Thursday, September 25, 2014
Apple stumble brings Dow down; Climate issue has warm streets and a cold summit; Richard Branson and unlimited time off: Too good to be true
1 Apple stumble brings Dow down (San Francisco Chronicle) A stumble by Apple set off the worst rout in the stock market since July on Thursday. Apple dropped nearly 4 percent following its announcement late Wednesday that it had pulled a software update which prevented users from making phone calls. Other technology stocks also slumped.
By the close of trading, all 30 big companies in the Dow Jones industrial average and the 10 industries in the Standard & Poor's 500 index lost ground. Most investors said the drop wasn't a sign of worry because the forces behind the market's long rally remain in place. It was only a week ago that the S&P 500 touched a record high, and strong runs are usually followed by short breaks. The index has lost 2 percent this week but is still up 6 percent for the year.
Two economic reports out Thursday were little help. Claims for unemployment benefits crept up last week. But the less volatile four-week average fell. A separate report said businesses orders for equipment plunged last month, mainly a result of falling orders for commercial aircraft.
Apple, which closed at a record high of $103.30 on Sept. 2, sank $3.88 to $97.87 in heavy trading. It was the second-biggest drop in the S&P 500 index. In addition to the software glitch, some users of the new iPhone complained that the phone could be bent easily. The price of oil fell slightly on ample global supplies despite U.S. airstrikes against oil facilities controlled by the Islamic State group in Syria.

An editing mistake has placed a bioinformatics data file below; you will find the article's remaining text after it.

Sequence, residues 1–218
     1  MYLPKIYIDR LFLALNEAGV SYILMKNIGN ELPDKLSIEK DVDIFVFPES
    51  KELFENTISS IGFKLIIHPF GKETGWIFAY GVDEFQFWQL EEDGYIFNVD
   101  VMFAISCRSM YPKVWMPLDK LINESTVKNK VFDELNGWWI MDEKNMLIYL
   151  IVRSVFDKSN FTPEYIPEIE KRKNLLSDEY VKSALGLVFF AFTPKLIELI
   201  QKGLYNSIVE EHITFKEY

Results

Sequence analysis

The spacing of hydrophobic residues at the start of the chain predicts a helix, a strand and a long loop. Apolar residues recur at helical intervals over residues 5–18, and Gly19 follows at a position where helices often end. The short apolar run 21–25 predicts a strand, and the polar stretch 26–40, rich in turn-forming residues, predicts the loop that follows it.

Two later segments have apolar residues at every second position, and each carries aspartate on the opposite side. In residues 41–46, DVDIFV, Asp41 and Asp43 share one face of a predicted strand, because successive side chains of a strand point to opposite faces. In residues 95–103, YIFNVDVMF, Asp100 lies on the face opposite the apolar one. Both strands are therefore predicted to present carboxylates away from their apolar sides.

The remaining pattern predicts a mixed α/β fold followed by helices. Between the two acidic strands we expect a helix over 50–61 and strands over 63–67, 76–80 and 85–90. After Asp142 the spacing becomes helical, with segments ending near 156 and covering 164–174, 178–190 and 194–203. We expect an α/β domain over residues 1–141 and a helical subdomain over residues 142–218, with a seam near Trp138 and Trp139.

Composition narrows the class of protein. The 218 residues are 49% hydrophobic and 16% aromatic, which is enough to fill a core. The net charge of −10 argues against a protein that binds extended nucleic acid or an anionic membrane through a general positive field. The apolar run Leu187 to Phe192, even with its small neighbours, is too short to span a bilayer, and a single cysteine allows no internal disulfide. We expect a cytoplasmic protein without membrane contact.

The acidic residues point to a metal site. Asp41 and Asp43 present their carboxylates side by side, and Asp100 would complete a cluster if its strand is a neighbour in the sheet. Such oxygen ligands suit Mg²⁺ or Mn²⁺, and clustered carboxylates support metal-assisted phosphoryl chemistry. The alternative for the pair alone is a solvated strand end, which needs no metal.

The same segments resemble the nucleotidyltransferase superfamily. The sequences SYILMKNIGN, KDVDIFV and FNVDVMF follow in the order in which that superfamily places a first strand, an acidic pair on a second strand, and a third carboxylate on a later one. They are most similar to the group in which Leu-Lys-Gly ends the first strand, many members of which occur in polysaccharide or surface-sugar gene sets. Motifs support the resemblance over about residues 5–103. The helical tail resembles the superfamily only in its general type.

2 Climate issue has warm streets, cold summit (Khaleej Times) The United Nations Climate Summit 2014, held on September 23, can be considered as a study in two contrasts. On the one hand was the People’s Climate March - an enormous gathering of concerned citizens in New York which may have seen a combined total of some 400,000 people. The marchers delivered one message in many creative ways. That message was: we citizens can and will rid the planet of fossil fuels and nuclear power.
On the other hand was the Climate Summit. This, said the UN, would serve as a public platform for leaders at the highest level. The gathering would “catalyse ambitious action on the ground to reduce emissions and strengthen climate resilience and mobilise political will for an ambitious global agreement by 2015 that limits the world to a less than 2-degree Celsius rise in global temperature”.